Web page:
“We pride ourselves on the fact that the building’s owner is an architect/developer,” says Jason Frizlen of his father, Karl, the president of the Frizlen Group. “It’s an art as well as a development project.”



Winter 2016


Photos by kc kratt

By Steven Brachmann

For the better part of seventy-five years, the parochial school for the St. Rose of Lima parish provided education and religious instruction for youth on Parker Avenue, just a few blocks from Hertel. Although the school closed in 2007, the Frizlen Group has revamped the interior of this Buffalo landmark to

provide luxury apartments for young professionals. It’s one of three such conversions for the firm; the School Lofts @ Abbott, formerly the St. Thomas Aquinas School on Abbott Road near Mercy Hospital, and the School Lofts @ Mineral Springs, formerly the St. Theresa’s School in South Buffalo. Expect move-in

dates this coming spring. From the outside, not much about the St. Rose of Lima school suggests change. The multistory brown brick facade remains, although a sign—The School Lofts @ Parkside—on the corner of Parker and Parkside Avenues is evidence that class is no longer in session.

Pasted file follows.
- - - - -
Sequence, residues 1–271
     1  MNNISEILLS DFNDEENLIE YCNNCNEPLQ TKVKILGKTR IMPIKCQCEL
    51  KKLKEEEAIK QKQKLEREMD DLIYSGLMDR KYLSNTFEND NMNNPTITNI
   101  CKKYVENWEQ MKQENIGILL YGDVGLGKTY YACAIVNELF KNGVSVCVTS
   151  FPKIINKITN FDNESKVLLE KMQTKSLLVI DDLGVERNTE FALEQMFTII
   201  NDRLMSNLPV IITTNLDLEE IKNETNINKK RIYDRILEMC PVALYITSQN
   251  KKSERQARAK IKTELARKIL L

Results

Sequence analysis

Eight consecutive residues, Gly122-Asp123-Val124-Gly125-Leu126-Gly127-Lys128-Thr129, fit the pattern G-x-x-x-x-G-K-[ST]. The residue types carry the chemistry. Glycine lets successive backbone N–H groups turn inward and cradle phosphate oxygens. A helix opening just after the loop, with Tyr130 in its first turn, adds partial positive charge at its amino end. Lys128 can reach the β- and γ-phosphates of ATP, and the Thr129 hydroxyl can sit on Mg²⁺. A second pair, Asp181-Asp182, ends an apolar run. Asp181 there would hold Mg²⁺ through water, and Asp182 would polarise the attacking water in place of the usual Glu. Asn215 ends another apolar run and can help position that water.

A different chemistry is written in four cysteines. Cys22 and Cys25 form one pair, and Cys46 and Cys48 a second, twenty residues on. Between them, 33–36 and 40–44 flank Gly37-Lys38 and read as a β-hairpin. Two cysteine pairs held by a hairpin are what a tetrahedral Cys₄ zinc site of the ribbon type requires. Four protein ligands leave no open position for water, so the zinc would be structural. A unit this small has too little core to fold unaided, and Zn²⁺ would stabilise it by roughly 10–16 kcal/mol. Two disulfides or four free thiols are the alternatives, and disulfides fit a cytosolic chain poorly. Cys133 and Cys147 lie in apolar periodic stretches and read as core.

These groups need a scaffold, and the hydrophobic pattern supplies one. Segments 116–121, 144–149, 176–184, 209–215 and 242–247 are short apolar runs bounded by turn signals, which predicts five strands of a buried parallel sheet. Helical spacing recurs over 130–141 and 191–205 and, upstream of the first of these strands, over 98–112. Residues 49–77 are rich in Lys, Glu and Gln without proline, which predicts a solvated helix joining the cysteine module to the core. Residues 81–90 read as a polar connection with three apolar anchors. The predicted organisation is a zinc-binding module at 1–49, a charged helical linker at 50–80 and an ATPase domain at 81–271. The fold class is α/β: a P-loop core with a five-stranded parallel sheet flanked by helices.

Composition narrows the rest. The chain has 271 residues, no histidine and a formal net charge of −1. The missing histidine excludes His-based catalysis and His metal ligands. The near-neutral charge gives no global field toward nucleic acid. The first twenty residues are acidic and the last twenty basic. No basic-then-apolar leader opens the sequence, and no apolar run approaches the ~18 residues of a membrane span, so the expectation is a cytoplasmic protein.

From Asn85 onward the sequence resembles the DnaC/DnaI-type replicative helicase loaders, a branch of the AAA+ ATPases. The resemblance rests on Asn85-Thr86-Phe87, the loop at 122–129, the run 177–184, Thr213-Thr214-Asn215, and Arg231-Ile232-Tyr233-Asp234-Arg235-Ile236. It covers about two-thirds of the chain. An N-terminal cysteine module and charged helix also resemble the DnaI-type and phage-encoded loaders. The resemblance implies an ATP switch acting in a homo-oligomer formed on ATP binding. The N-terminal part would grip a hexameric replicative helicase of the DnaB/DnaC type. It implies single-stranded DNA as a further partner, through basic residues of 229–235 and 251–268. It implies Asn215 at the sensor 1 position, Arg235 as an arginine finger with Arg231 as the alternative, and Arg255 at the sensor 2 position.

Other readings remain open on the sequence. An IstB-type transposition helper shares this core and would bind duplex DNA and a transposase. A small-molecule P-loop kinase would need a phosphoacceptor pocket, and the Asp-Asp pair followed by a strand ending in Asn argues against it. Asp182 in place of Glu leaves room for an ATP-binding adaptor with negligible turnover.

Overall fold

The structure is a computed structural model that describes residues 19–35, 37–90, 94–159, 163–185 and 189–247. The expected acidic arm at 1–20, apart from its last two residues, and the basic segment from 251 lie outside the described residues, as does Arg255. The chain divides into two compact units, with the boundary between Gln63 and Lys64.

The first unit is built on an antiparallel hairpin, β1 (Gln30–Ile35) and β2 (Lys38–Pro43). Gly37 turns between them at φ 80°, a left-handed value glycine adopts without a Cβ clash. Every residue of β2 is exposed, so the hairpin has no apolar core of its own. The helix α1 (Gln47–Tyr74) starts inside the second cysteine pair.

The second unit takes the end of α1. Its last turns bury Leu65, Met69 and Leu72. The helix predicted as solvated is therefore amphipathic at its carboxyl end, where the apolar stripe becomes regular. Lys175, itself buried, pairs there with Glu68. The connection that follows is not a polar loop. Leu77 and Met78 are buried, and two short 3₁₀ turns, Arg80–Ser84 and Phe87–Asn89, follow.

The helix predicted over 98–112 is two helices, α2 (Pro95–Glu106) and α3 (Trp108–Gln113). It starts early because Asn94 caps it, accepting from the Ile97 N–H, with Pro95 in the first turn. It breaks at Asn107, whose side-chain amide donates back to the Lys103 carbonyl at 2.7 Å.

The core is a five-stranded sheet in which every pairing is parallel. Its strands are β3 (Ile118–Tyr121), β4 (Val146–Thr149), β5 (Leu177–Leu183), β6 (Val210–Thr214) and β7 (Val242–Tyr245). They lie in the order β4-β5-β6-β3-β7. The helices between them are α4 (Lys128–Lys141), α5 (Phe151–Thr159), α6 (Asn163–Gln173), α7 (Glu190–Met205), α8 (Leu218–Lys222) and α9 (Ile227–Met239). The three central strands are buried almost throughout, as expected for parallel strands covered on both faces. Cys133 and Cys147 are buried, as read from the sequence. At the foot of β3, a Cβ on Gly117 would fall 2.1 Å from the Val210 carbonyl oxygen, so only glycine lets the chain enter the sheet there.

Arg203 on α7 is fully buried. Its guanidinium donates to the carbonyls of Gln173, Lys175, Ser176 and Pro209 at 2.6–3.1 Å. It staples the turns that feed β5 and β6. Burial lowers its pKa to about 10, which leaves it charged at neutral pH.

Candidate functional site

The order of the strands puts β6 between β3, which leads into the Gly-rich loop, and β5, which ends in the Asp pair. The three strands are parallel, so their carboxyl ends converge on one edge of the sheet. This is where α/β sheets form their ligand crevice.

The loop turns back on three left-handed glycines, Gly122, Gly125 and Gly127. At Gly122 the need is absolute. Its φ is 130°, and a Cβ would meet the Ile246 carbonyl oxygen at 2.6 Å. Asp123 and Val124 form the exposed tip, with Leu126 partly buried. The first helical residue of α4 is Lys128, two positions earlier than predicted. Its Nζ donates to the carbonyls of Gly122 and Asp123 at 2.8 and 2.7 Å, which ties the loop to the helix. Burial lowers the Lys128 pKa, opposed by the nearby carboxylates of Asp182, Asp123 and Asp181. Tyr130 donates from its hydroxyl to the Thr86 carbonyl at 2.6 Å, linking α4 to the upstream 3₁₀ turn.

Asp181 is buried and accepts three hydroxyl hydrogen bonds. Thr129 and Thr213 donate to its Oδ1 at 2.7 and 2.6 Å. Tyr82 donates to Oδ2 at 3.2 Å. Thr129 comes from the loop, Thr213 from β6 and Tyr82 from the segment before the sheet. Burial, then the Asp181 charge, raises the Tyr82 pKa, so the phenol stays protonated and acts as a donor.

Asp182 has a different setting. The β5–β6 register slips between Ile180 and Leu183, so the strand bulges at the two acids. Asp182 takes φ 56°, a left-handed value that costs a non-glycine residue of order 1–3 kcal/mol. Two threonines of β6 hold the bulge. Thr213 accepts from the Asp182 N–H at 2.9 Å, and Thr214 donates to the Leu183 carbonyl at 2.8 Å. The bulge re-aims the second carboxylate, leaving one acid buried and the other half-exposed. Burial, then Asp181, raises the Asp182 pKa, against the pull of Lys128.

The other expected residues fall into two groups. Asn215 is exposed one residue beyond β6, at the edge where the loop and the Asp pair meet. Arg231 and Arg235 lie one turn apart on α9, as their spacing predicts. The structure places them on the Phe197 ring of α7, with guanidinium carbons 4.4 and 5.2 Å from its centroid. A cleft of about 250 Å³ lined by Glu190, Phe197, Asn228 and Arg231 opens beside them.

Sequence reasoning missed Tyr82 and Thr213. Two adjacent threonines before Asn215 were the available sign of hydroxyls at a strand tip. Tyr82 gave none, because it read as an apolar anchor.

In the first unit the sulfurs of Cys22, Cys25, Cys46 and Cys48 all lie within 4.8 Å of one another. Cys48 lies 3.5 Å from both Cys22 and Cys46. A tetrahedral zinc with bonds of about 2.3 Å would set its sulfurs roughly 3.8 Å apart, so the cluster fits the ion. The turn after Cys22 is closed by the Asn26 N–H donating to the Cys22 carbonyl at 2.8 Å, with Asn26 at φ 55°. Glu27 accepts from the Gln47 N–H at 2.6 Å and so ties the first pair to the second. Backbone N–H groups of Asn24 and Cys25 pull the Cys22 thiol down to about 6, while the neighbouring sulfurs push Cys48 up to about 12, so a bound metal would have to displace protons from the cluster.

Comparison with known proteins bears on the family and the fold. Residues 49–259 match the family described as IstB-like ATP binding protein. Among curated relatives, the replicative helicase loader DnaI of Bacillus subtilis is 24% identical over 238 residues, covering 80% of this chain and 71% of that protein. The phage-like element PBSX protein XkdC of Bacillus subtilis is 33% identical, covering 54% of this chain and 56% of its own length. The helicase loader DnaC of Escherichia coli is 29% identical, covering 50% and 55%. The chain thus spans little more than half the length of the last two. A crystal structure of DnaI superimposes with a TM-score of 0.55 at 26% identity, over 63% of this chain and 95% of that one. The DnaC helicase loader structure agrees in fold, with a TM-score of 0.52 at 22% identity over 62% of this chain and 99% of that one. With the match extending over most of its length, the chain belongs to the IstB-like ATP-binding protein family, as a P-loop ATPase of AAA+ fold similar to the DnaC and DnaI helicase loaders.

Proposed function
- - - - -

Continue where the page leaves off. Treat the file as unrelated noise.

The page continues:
Winter 2016

Indeed, the building is 100 percent leased, according to Jason Frizlen, property and leasing manager for the Frizlen Group; the first round of tenants took residence in October, about a year after the father-and-son (Jason’s father, Karl, an architect/developer, is firm president) Frizlen Group acquired the property. The building comprises twenty-one apartments on four floors, from the basement to the 400 level; Frizlen notes that there is no true first floor between the basement and the 200 level. “[The schools] make for great apartment buildings,” notes Frizlen, citing the large windows, high ceilings, and wide hallways that create a living experience not typical of most apartment buildings. “You won’t find this amount of space anywhere else.” The ceilings in the apartments range from ten to twelve feet, creating a feeling of openness larger than the square footage—which ranges from 478 to 961 square feet—might suggest. The high ceilings also provide for a little more useful space in the closets, and the expansive stairwells and hallways, about ten feet wide, make it easy to maneuver furniture. Asbestos abatement required that the original tile from the hallway floors be removed, but it’s been replaced with tile that mimics the intentions